Western nations ignore rights violations by PYD, head of Syria's Kurdish National Council says

ANADOLU AGENCY
ERBIL, Iraq
Published
Syria's Kurdish National Council head Ibrahim Bıro (AA Photo)
Syria's Kurdish National Council head Ibrahim Bıro (AA Photo)

Western nations are ignoring human rights violations committed by the PYD, the Syrian arm of the terrorist PKK group, Ibrahim Bıro, the head of Syria's Kurdish National Council, said Wednesday.

In exclusive comments to Anadolu Agency, Bıro said that the PYD was actively working against any group it considered a threat, while attempting to assert its control over northern Syria by using the fight against Daesh as a pretext.

"They're exploiting the [international] fight against the Daesh terrorist group to attack their opponents," he said.

In recent months, the PYD has reportedly indulged in the ethnic cleansing of areas under its control, arbitrarily detained its political opponents and forced local residents to fight on its behalf.

Bıro went on to assert that western countries tended to overlook rights breaches committed by the PYD in northern Syria -- a policy he said "facilitates the group's ongoing domination of the region".

He added that the Kurdish National Council -- a coalition of Syrian Kurdish parties generally at odds with the PYD -- had documented evidence of the PYD's violations.

"We plan to submit this evidence to foreign diplomats based in Erbil," he said, referring to the administrative capital of Iraq's semi-autonomous Kurdish region.

"We will not remain silent about the PYD's aggression against our people," he added.

"The Kurds of Syria didn't revolt against Damascus just to bring another dictator," Bıro said, vowing to "expose all the PYD's crimes".

He went on to urge western countries -- particularly the U.S. -- to "reconsider" their support for the PYD, stressing that the latter was "not the only armed force in the region".

"There are also Syrian peshmerga forces -- loyal to the Kurdish National Council -- that are more than ready to fight," he said.

Western countries, the Kurdish leader asserted, "are using the PYD to pursue their own agendas in Syria; but it will not continue like this forever".

"Our [peshmerga] forces in Iraq's Kurdish region will soon move to Rojava [in northern Syria]," he added, going on to warn: "The western countries will end up regretting their mistakes."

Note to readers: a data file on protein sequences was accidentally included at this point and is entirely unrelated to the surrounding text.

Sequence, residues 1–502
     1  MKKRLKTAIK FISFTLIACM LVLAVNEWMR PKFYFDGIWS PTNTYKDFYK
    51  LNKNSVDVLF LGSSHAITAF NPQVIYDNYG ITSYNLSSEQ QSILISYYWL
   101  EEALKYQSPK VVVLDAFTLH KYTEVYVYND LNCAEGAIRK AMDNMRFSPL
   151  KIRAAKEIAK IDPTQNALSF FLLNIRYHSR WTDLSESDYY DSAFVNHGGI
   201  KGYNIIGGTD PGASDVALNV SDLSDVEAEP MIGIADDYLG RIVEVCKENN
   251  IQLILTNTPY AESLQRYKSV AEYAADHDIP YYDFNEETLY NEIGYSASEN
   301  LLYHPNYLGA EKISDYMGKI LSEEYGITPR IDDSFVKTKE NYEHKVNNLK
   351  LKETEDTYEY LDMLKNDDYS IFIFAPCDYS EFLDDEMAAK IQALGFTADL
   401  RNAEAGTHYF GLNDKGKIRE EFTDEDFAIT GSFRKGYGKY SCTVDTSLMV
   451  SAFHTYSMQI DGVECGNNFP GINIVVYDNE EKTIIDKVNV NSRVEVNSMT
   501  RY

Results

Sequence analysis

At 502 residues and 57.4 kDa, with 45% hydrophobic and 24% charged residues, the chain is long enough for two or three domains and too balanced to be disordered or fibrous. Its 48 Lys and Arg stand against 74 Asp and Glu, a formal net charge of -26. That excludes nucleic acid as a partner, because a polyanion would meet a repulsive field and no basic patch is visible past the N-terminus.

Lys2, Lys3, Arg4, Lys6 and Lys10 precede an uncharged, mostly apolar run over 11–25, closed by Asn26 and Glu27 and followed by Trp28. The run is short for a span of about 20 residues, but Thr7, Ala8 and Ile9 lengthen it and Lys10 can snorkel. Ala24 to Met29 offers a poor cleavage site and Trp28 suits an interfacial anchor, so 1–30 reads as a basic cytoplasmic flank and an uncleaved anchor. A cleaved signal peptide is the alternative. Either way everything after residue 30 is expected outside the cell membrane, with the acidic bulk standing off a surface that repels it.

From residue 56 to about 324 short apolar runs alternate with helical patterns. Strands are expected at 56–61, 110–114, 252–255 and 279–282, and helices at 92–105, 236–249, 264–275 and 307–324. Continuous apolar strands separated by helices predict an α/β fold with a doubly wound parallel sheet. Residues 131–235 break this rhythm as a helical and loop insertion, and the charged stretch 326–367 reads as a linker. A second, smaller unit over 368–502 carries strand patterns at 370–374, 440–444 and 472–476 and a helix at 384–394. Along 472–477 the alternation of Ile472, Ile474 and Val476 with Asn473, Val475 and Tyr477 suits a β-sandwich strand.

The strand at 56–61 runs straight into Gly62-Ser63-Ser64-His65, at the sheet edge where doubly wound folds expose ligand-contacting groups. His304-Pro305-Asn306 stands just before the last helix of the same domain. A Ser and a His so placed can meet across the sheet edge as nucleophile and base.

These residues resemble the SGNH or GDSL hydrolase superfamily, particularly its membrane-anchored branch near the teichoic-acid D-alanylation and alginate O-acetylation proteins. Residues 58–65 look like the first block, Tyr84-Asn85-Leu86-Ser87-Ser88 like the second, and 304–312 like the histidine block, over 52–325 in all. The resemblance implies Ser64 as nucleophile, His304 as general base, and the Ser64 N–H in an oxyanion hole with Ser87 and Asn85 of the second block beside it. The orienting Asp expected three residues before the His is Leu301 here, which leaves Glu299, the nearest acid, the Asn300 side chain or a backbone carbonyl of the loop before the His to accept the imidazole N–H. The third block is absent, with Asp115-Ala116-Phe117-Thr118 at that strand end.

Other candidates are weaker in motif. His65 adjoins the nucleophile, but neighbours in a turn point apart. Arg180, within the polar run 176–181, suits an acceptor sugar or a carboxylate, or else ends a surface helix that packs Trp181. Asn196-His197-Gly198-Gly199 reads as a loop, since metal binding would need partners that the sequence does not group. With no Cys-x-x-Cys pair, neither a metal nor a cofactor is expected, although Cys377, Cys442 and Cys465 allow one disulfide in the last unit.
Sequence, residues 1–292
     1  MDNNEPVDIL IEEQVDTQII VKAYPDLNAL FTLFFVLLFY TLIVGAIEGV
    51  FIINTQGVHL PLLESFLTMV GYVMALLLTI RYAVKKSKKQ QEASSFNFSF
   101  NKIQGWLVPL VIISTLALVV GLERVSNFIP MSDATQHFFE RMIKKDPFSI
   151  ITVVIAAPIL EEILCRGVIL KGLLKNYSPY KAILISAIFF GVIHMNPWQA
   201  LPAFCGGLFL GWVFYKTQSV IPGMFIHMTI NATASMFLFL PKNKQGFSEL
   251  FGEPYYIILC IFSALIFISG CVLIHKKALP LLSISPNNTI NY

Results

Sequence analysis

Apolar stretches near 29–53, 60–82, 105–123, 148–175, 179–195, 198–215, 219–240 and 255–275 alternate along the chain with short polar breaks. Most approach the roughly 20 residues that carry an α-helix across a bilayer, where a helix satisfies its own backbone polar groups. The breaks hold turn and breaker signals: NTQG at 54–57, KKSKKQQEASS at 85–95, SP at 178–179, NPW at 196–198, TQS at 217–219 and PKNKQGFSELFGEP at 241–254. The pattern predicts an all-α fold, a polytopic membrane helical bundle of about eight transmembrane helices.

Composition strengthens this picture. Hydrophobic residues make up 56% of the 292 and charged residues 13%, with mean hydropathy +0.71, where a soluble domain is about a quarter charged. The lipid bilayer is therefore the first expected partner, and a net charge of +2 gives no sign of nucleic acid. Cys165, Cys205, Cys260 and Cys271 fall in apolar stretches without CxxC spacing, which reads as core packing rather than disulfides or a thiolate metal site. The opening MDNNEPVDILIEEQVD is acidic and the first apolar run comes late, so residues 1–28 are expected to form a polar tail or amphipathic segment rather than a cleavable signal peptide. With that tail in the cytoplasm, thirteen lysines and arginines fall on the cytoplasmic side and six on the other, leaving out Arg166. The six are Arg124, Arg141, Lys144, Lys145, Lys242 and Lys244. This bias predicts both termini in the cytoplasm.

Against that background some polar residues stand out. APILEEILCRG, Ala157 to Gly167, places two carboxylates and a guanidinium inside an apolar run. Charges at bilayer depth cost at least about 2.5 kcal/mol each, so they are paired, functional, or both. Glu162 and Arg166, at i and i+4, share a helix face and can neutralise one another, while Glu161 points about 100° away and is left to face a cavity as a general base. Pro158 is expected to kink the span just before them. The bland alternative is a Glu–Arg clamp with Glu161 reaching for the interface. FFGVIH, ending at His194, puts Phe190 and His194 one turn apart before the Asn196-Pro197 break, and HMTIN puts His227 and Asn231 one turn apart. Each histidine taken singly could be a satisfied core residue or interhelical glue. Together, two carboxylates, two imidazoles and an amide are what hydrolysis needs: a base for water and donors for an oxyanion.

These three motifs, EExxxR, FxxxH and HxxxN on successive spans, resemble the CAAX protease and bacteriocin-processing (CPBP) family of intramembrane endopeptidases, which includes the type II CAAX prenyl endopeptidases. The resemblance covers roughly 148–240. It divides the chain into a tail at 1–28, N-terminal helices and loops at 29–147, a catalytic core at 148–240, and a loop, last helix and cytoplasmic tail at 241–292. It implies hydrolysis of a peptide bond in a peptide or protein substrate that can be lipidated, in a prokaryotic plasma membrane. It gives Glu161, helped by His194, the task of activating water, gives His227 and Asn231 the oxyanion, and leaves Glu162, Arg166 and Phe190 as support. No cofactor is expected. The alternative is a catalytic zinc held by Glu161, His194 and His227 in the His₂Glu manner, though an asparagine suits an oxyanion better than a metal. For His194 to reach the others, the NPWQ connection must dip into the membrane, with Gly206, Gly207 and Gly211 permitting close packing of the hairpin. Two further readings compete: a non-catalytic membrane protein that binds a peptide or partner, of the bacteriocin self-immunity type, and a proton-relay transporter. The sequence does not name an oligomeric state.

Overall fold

According to Bıro, Syria's Kurds "will never surrender to the PYD's dictatorial views and methods".

"Our people have never followed the PYD or taken a pro-PYD stance," he said. "The group may have weapons and money, but most of the people don't share their ideology."

"We have learned from experience," he added. "We fought the tyranny of the Baathist Assad regime and now we reject the tyranny of a Kurdish Baathist regime."

Abducted

Last Saturday, Bıro was abducted by PYD militants in Syria's northeastern Al-Hasakah province after attending a conference in Al-Hasakah's Qamishli district.

After being held for six hours at a PYD camp on the Turkish-Syrian border, he was released by his captors near Syria's border with Iraq.

Bıro also spoke to Anadolu Agency immediately after his brief stint in captivity, during which, he said, no senior PYD members had come to see him.

Rather, he said, he was held by rank-and-file PYD fighters who had threatened to "mutilate and kill" him if he ever dared come back to Syria.

Yet despite the threats, Bıro expressed defiance.

"No one has the right to keep me from my country," he said. "I will go back [to Syria]."

As for the reason behind his brief abduction, Bıro said that the PYD viewed Syria's Kurdistan Democratic Party (KDP) -- a component of his Kurdish National Council -- as a "threat".

Syria's KDP is an affiliate of the party of the same name based in Iraq's Kurdish region, which is led by Massoud Barzani, president of Iraq's Kurdish Regional Government.

Anti-PYD demos

On Tuesday, hundreds of Kurdish residents of Al-Hasakah's Qamishli district demonstrated against what they described as the PYD's oppressive policies, including Bıro's brief abduction last weekend.

Protesters waved placards bearing anti-PYD slogans and condemned the group's recent activities in northern Syria, according to local sources who spoke to Anadolu Agency on condition of anonymity due to fears for their safety.

The same sources alleged that PYD militants were currently holding at least 30 members of Syria's Kurdish National Council after abducting them in Al-Hasakah.

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